Based on the assumption that all four conditions, which are mentioned above, are met Frey and Osterloh attributed the crowding-out effect to five underlying sub-effects that complement each other, these can be shortly summarized as: impaired self-determination, reciprocity, fairness, reactance and spillover effect. Since these effects mainly rely on psychological concepts and do not help to answer the guiding question, they are only mentioned within this paper without giving a comprehensive explanation.[20]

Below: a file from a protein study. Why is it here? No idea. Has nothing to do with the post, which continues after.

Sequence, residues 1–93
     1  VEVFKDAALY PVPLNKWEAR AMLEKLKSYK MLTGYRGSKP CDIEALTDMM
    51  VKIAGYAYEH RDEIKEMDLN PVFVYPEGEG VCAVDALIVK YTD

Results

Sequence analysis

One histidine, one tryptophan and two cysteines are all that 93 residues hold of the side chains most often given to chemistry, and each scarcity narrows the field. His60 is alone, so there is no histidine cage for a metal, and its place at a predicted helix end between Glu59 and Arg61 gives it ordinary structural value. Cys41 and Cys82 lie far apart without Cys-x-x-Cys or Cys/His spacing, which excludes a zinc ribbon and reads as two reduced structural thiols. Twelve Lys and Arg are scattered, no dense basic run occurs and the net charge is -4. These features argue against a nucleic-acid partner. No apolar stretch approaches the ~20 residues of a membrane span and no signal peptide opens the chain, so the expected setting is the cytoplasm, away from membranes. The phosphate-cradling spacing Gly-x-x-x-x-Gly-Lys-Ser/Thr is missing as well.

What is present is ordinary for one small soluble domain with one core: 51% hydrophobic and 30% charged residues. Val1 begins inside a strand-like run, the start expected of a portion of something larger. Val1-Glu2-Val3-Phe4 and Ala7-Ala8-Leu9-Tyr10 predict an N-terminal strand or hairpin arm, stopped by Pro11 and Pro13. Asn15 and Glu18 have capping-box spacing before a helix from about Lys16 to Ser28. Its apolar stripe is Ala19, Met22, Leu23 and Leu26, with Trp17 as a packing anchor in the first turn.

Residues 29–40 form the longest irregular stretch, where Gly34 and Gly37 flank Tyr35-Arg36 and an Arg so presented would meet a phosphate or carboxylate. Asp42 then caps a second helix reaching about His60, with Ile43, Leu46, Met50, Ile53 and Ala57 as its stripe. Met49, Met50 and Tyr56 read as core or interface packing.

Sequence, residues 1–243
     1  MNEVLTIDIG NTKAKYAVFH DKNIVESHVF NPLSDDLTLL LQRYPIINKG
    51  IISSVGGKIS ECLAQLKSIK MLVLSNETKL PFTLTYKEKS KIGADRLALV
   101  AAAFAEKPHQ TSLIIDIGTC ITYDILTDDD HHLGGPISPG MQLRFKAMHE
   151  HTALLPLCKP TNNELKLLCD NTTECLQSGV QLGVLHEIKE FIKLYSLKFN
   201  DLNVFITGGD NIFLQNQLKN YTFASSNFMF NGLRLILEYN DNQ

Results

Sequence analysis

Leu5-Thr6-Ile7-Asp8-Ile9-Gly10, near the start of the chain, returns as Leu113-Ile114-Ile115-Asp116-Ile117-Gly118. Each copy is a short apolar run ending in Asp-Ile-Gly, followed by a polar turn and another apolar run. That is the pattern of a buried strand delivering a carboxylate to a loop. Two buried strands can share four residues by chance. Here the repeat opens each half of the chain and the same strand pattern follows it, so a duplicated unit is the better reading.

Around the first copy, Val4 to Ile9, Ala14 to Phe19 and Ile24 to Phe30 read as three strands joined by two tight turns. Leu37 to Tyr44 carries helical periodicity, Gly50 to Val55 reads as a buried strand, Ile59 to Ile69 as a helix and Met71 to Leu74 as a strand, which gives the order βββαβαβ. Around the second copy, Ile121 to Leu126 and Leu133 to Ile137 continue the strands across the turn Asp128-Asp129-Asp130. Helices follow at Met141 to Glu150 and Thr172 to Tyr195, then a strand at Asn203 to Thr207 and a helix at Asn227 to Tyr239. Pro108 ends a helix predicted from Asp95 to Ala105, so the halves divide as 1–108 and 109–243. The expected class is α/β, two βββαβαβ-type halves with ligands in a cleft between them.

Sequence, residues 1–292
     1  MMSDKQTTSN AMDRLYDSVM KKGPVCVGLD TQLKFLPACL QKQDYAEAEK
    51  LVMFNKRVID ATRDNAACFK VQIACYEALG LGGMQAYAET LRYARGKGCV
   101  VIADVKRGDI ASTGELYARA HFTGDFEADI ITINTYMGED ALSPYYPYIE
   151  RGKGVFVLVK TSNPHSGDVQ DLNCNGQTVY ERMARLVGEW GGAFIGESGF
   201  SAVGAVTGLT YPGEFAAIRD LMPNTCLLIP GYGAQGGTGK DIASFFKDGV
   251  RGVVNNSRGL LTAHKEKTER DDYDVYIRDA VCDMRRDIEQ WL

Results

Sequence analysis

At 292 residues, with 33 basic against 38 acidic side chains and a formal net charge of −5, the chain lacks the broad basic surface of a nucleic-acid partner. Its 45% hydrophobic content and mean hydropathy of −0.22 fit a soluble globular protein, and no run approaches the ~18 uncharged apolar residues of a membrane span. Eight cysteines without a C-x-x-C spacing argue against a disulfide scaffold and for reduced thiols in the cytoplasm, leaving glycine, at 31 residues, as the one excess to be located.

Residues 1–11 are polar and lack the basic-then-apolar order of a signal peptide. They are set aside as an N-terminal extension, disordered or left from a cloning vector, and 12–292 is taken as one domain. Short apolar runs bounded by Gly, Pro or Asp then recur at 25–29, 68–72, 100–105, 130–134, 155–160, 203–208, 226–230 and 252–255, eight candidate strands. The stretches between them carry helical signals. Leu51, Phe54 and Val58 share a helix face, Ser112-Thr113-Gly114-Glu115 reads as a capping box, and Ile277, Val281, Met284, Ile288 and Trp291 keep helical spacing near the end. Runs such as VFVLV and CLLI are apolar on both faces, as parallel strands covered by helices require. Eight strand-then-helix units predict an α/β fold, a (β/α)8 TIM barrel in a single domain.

Keeping in mind the four conditions of the occurrence of the crowding-out effect and the five mentioned sub-effects, it is now interesting to progress to Frey’s economic approach demonstrating the effect of monetary rewards on performance. Frey argues against the law of demand, which states that if the price of a good is raised (costs of an activity), demand for that good decreases (or the respective activity is reduced). People adjust to the new situation of given constraints. In personnel economics the same holds, monetary rewards and commands impose a relative price effect on the agent, also known as the “disciplining effect”.[21] This is the point where Frey draws opposite conclusions. According to him, if the costs of an unwanted activity are raised (higher monetary reward levels impose higher costs on shirking) then demand does not decrease as expected, it increases due to a change in the type of motivation, from being intrinsically motivated to being extrinsically motivated. Whether this effect is justifiable depends, according to Frey, again on the outcome whether external intervention strengthens or undermines intrinsic motivation, resulting in the question whether psychological concepts should be integrated into economic theory. In the first case of crowding-in, the effect of disciplining the agent is further strengthened by the crowding-in of intrinsic motivation. Crowding-out, on the other hand, negatively affects the agent’s marginal benefit from performing, resulting in a lower performance level of the agent. Thus, the disciplining effect is not applicable in this case.[22] Frey argues, that in general “both the relative price effect and the crowding-out effect are active, so that external intervention has two opposite effects on the agent’s performance”.[23] The principal’s intervention might have a negative effect on an agent’s performance. This is the case if the well-known upward-sloping supply curve is shifted to the left and as a consequence, the work effort level of the agent decreases, although monetary rewards are increased.